If your fibroids are not causing any symptoms then treatment is not usually needed.

Fibroids which are smaller than the size of a 14 week pregnancy may not need surgery and can be monitored by ultrasound.

It is important to repeat a scan or examination in

6 months to rule out rapid growth (something which would prompt removal).

Women who are near the menopause will often not need surgery as the fibroids will shrink once there is a drop in the level of the hormone oestrogen.

Myomectomy (fibroid removal):

If a hysterectomy is not wanted, a myomectomy can be performed. This is usually recommended only for woman who wish to preserve their fertility as there are risks of complications such as bleeding, needing to return to theatre and development of scar tissue which can lead to obstruction of the bowel. A myomectomy is major surgery; the fibroids are carefully removed and the uterus is repaired. It is most useful when there are 1 or 2 large fibroids. Haemorrhage (serious blood loss) from the operation can sometimes happen and in some cases a hysterectomy must be performed as an emergency to control the bleeding.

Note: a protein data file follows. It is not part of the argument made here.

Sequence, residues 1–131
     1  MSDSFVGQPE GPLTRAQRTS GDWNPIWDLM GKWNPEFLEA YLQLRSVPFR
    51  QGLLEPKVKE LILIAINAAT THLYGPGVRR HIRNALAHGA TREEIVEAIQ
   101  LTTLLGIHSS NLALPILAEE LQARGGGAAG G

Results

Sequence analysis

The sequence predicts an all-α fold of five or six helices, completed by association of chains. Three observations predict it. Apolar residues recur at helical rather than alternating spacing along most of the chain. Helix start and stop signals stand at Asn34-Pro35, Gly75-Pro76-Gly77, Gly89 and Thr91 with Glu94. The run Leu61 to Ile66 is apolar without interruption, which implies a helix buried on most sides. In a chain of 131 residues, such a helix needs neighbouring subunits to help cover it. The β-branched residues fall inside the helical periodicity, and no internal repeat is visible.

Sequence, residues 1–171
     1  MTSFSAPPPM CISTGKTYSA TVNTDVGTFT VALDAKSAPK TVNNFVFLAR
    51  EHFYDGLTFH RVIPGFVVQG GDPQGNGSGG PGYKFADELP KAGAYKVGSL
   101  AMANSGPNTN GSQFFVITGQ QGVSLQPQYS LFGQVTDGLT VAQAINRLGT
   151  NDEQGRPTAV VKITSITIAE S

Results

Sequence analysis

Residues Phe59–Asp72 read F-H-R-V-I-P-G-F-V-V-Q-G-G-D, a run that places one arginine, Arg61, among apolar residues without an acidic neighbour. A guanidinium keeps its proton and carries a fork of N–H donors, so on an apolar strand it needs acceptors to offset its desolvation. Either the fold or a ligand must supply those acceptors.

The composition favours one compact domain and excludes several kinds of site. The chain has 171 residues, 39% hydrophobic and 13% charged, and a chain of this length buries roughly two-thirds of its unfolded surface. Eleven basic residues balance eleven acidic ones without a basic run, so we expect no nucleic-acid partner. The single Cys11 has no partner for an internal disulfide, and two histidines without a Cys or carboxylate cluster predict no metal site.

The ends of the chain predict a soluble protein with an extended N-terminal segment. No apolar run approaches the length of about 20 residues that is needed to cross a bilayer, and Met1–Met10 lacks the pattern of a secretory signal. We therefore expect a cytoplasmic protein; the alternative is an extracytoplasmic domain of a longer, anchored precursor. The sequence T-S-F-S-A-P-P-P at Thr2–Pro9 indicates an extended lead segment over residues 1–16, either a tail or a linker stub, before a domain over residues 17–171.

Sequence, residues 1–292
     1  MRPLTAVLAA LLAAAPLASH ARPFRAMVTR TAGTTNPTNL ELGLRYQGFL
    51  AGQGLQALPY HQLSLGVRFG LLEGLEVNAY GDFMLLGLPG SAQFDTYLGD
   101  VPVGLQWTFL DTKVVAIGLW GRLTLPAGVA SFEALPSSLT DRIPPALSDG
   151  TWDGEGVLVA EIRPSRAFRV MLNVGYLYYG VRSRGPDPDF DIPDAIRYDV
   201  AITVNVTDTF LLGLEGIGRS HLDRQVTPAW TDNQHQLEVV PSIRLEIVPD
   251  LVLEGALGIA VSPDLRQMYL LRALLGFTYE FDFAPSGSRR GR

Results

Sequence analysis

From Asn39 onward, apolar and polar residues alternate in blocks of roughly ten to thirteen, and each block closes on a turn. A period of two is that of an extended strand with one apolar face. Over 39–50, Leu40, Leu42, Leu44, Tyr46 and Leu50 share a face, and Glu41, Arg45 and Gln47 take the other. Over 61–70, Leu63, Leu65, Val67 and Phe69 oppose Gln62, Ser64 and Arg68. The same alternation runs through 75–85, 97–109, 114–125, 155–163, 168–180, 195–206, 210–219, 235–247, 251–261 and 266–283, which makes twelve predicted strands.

Hysterectomy (womb removal):

This is the most effective treatment for fibroids that are giving symptoms. Most abdominal operations will be carried out through a low ‘bikini-line’ incision (cut), but if the uterus is large, an ‘up-and-down’ vertical incision may be needed.

Hysteroscopic resection:

Submucous fibroids which project into the uterine cavity may be treated by passing a telescope into the womb and chipping away at the surface with a hot wire loop (hysteroscopic resection). This is a day-case procedure avoiding major surgery, but may need to be repeated.

For some smaller submucous fibroids, it may be possible to perform an outpatient procedure using a thin mechanical device passed through a telescope which cuts through the fibroid and removes it. This is performed in the outpatient clinic and you will be able to go home shortly after the procedure.

Uterine Artery Embolisation:

This is a procedure (also known as fibroid embolisation) that blocks the arteries which provide blood supply to the fibroids. Patients may have an MRI scan before this procedure to look at the fibroids in more detail.